Maybe Dad was still playing cards downstairs with his brothers. That was where Lucas was. Fay felt sure of it. They were all downstairs playing poker like they did every Christmas Eve, staying up much too late laughing and drinking, until the early morning hours led them to their beds. But Fay didn’t hear any laughter, so how could that be?
“Lucas?” It required a lot of her energy to speak. Fay’s face felt so cold. It was the window – the winter air was coming through and making everything cold. She needed to get away from the window. She needed to get to her bed, nearer to Lucas. Her brother’s breath always smelled bad in the morning, but she didn’t mind.
Every step she took through the hallway was painful. Fay had never felt this cold before and it was difficult to keep moving.
At last, she could move no longer. I’ll sleep here for just one night, she thought, and lay on the floor. Fay curled her knees up to her chest, trying to get warm. She couldn’t get warm, though. The trembling was making her sleepy.
A strange taste in her mouth now. Fay remembered playing with her brother on the couch. He was a monster and she was trying to kick him, but one of her knees accidentally hit her nose, and it bled. The blood had come quickly, slipping onto her lips and into her mouth. It had tasted like metal, like a penny. Dad had been so angry at Lucas, but it had really been Fay’s fault.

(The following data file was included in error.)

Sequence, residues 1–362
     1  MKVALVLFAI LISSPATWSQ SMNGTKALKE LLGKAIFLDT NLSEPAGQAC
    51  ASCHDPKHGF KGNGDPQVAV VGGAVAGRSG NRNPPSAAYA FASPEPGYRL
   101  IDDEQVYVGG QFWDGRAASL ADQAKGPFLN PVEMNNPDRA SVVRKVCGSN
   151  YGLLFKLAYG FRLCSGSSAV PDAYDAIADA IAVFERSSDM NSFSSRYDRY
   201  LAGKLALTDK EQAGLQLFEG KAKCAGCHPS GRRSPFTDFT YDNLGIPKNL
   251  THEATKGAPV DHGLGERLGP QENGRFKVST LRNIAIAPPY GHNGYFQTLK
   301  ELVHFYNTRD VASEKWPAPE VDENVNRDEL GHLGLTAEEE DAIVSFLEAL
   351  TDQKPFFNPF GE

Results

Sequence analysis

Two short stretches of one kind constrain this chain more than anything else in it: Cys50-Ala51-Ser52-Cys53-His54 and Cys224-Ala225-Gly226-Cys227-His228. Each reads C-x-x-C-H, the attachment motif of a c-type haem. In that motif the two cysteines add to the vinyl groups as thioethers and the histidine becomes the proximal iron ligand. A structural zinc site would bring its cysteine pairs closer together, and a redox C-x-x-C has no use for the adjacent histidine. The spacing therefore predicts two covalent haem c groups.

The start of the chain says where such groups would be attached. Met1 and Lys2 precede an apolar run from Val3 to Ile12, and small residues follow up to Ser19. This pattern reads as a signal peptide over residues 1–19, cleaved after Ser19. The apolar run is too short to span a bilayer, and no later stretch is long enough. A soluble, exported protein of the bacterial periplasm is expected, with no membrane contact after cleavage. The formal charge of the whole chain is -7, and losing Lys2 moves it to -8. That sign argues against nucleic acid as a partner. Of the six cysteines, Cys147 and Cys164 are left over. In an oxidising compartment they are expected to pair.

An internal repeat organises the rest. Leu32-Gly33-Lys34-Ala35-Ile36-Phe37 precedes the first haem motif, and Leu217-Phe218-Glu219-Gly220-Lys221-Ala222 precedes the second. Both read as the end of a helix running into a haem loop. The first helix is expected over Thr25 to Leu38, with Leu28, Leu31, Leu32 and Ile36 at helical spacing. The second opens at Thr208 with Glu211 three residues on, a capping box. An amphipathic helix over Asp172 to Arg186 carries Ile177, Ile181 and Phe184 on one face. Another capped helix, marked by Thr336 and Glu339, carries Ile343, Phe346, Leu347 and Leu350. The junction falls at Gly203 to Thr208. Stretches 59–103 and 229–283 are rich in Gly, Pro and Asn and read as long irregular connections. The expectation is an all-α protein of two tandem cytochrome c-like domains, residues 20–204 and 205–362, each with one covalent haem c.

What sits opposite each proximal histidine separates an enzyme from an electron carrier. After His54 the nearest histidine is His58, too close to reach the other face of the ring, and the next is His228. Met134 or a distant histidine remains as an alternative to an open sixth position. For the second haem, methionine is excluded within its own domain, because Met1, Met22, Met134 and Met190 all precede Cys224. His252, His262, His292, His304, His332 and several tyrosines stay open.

“There’s blood in my mouth. That’s strange,” she thought as she lay in a ball on the floor. There’s blood in my mouth, but Dad can’t be angry at Lucas this time, because he’s not here.
“Lucas?” Fay whispered. “Lucas, where are you?”
Fay thought of the Christmas presents they would open once everyone woke up. She hoped the first gift she opened was a new sweater because then she wouldn’t feel so cold. The tree would be decorated with ornaments and flickering red bulbs. Her Aunt Jennifer always had the prettiest presents. The ribbons would be dangling in doilies under the big, bright bows. By the time they were finished, the whole family would have a huge pile of wrapping paper that the men would scoop up in armfuls for the trash.
Fay could imagine the bright red lights, strung around the green fir tree that rose so high, it seemed to almost touch the ceiling. The lights were so vivid that she thought she could see them from behind her eyelids. Opening her eyes, she only saw darkness. Somebody must have turned off the candle. The cold from the window, though, was stronger than ever.
The little girl thought of Lucas opening the Christmas gift she got him. It was a small statue of a turtle that she had bought at the zoo gift shop with her mom.
“I hope he likes my present,” she thought, recalling the pretty white ribbon she had taped around the box. She remembered her brother’s face, recalling it exactly in the darkness, and then – with a painful shiver – she could remember no more.
Samantha Kolesnik is a writer living near Philadelphia. She is the Editor in Chief of the online literary magazine, Five on the Fifth. Her short screenplay, “The Price of Bones”, was recently a Finalist at the 15th Annual Los Angeles Shriekfest Horror and Sci Fi Film Festival.